2008-12-17

Functions And Objects – The State Connection

I'm sure that many of you will disagree with me when I say this, and that's the beauty of opinion: there's always more than one.

If you've read by blog you'll know that I've been leaning towards object-oriented programming of late. With that in mind I'll try to leave my own personal bias out ;).



The universe in which we operate is inherently stateful. This is reflected in the languages that we use to write computer programs. This is simultaneously, the reason that functional programming and object-oriented programming exist… and the reason most people feel they're irreconcilably distinct.

I don't believe this to be the case.

In my not so humble opinion functional and object-oriented programming are as two sides of the same coin, trying to solve the same fundamental problems in opposing ways. While functional programming languages eschew state object-oriented programming languages attempt to make it manageable.

A language without side-effects (and the resulting state) would be pretty useless. In the end both object-oriented programming and functional programming languages are trying to manage the unavoidable!

The difference is in the how.

In object-oriented languages state is encapsulated using objects. In functional languages other approaches are used. Monads can be used to isolate such stateful regions of programs in Haskell.

So how are functional and object-oriented languages that different? There must be larger differences.

Perhaps the biggest difference is in the accepted feature set, but even this isn't as big a difference as it first appears. Many of the features assigned to functional programming have also been present in other paradigms for decades, and are not strictly indicative of the paradigm. Others are not limited to functional programming and may be applied in other paradigms.

Of course, the same can be said about any paradigm, including object-oriented programming.

Note: what many people see as adoption of functional programming through mainstream object-oriented languages is really just the reintroduction of features that were present in some of the first object-oriented languages. Thanks to the increased interest in functional programming! :)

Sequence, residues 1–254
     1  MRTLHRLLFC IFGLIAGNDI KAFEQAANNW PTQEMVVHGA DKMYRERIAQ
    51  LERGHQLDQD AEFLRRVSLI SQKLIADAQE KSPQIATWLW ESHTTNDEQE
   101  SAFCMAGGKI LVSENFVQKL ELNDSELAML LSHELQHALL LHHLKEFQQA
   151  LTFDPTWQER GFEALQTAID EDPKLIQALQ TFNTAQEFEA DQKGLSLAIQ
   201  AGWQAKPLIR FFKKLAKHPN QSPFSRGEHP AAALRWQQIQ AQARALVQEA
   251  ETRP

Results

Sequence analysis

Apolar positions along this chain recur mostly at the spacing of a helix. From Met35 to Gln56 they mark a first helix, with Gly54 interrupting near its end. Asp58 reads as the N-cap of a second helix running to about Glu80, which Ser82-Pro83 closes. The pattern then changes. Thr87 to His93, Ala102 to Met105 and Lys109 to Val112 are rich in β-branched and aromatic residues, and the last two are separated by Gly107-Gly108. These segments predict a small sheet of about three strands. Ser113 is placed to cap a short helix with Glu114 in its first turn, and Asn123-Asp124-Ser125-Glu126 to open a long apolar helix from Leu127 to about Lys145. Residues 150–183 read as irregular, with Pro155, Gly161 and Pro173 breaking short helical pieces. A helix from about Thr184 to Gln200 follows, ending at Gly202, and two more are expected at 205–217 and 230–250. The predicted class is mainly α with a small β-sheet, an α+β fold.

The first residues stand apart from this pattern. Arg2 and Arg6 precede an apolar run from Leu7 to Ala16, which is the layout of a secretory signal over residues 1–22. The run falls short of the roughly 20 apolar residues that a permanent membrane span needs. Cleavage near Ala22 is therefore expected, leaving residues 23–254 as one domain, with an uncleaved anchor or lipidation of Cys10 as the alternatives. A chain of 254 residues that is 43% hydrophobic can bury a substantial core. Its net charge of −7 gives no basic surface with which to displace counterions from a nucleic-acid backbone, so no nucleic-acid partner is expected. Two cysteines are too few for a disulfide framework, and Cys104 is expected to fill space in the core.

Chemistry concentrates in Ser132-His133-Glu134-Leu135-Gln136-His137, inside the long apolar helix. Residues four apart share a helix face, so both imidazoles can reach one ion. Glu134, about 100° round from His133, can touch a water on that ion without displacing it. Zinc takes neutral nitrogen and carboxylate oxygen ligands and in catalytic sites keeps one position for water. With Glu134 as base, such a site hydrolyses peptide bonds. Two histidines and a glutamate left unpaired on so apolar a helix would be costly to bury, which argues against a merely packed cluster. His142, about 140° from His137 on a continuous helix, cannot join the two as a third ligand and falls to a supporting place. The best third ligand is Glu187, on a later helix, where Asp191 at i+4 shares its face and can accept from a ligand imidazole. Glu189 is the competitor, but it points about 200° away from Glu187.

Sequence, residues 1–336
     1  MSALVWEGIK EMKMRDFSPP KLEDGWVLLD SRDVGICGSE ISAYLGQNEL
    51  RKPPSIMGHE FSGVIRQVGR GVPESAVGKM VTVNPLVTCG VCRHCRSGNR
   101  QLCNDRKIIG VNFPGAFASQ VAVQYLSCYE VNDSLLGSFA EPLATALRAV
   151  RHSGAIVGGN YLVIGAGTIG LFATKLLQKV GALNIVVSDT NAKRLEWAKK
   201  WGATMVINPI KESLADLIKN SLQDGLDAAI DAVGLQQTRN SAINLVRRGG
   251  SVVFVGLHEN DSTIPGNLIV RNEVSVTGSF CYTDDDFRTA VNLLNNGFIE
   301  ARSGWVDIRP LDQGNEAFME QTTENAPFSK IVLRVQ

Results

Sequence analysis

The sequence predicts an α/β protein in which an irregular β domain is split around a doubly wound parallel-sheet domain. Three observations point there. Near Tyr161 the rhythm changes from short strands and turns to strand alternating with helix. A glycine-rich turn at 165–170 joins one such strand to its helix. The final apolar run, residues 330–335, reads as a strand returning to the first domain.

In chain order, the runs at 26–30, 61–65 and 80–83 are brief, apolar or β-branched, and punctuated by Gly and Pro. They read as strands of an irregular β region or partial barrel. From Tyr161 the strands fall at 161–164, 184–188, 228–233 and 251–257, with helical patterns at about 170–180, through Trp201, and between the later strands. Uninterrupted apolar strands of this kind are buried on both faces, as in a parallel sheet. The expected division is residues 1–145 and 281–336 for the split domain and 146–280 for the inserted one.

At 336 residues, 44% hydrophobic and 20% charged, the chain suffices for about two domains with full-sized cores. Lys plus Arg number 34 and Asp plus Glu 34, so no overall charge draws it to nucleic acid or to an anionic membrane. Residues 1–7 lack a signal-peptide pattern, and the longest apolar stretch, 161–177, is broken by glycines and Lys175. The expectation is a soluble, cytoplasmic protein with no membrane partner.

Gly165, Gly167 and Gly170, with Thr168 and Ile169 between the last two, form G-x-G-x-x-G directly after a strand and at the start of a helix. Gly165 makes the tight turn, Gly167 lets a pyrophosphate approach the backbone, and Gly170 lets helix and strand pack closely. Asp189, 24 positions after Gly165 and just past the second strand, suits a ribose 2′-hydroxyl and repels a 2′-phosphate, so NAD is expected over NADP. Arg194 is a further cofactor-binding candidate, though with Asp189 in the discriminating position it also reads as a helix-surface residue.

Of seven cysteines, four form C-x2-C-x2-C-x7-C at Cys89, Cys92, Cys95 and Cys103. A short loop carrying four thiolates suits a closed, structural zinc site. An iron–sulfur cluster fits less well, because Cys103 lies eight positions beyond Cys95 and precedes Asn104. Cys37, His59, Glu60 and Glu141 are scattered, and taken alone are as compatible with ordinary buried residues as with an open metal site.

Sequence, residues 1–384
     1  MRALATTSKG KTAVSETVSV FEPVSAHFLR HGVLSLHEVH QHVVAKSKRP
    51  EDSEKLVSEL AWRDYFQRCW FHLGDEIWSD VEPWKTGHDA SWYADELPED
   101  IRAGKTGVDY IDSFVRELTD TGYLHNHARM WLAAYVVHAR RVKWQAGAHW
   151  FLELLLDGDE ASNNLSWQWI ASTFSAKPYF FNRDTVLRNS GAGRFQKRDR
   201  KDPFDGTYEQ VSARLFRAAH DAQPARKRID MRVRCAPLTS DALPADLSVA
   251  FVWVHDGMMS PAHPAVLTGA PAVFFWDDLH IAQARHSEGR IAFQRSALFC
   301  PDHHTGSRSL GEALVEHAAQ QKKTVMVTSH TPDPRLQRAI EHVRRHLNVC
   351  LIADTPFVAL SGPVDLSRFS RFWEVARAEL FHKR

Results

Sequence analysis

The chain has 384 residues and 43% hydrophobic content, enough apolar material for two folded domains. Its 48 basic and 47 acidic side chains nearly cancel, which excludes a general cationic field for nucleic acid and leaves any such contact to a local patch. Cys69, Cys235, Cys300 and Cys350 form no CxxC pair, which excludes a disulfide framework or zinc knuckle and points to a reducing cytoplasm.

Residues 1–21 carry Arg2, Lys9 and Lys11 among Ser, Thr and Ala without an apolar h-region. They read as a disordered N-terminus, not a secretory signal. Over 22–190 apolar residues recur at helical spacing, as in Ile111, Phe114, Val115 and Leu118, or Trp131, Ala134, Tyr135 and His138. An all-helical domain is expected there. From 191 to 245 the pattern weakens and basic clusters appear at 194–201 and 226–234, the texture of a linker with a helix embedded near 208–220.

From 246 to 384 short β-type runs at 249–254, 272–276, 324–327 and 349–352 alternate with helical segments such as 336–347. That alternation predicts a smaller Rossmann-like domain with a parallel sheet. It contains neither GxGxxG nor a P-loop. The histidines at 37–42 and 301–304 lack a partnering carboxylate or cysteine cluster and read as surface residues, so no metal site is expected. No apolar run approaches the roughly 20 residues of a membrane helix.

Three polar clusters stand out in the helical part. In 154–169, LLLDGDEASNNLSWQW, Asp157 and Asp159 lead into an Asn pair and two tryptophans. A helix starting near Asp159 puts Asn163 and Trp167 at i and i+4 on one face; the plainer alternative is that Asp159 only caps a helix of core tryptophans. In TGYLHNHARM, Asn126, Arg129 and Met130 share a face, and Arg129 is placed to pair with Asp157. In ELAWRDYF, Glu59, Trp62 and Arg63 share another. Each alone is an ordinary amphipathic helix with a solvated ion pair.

To be clear, I'm not saying that functional programming has nothing to offer. The point of this post was to show that the differences are largely ideological. The disagreement about how state and side-effects should be managed is not a reason for us to fight as intensely as we have been recently.

We should help as much as much as we can. After all, we're going in the same direction.

On the other-hand, maybe I'm wrong?!


If you have any comments, corrections or contributions please feel free to shout.

2 comments:

keithb said...

"Big" Dave Thomas has observed many times that OO an functional programming are duals: one is the other turned inside-out. In OO we start with an environment and then work out what expression to evaluate in it, with functional programming we start with an expression and then work out in what environment to evaluate it.

Meanwhile, encapsulation has been much misunderstood, I think. Really good OO programs in strongly OO languages emphatically do not have loads of Java-style "member variables" floating around getting mutated all the time.

Mark Lee Smith said...

keithb:

I completely agree but should add:

The line between methods and functions becomes blurred to the point of transparency when you introduce multiple-dispatch into an object-oriented language. In these languages you can start with the expression or the environment, or the expression and the environment (as you put it).